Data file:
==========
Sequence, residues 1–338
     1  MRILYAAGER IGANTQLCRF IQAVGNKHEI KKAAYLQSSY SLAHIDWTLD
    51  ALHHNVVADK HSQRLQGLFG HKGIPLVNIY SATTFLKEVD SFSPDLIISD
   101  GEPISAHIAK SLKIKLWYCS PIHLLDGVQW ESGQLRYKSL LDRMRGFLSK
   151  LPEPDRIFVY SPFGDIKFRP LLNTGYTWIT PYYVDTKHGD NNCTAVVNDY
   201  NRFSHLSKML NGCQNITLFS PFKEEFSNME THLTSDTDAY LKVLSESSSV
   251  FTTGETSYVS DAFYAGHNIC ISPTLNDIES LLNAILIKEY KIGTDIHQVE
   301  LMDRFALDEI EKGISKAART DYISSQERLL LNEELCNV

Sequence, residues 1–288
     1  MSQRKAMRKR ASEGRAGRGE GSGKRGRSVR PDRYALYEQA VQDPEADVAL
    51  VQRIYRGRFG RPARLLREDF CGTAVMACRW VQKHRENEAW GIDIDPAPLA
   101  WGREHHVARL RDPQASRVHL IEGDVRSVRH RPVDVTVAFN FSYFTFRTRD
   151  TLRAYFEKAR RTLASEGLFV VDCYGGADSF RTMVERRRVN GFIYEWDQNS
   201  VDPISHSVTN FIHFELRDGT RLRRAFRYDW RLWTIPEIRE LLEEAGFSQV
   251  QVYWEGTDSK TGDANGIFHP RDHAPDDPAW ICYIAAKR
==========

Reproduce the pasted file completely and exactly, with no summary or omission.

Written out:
Sequence, residues 1–338
     1  MRILYAAGER IGANTQLCRF IQAVGNKHEI KKAAYLQSSY SLAHIDWTLD
    51  ALHHNVVADK HSQRLQGLFG HKGIPLVNIY SATTFLKEVD SFSPDLIISD
   101  GEPISAHIAK SLKIKLWYCS PIHLLDGVQW ESGQLRYKSL LDRMRGFLSK
   151  LPEPDRIFVY SPFGDIKFRP LLNTGYTWIT PYYVDTKHGD NNCTAVVNDY
   201  NRFSHLSKML NGCQNITLFS PFKEEFSNME THLTSDTDAY LKVLSESSSV
   251  FTTGETSYVS DAFYAGHNIC ISPTLNDIES LLNAILIKEY KIGTDIHQVE
   301  LMDRFALDEI EKGISKAART DYISSQERLL LNEELCNV

Sequence, residues 1–288
     1  MSQRKAMRKR ASEGRAGRGE GSGKRGRSVR PDRYALYEQA VQDPEADVAL
    51  VQRIYRGRFG RPARLLREDF CGTAVMACRW VQKHRENEAW GIDIDPAPLA
   101  WGREHHVARL RDPQASRVHL IEGDVRSVRH RPVDVTVAFN FSYFTFRTRD
   151  TLRAYFEKAR RTLASEGLFV VDCYGGADSF RTMVERRRVN GFIYEWDQNS
   201  VDPISHSVTN FIHFELRDGT RLRRAFRYDW RLWTIPEIRE LLEEAGFSQV
   251  QVYWEGTDSK TGDANGIFHP RDHAPDDPAW ICYIAAKR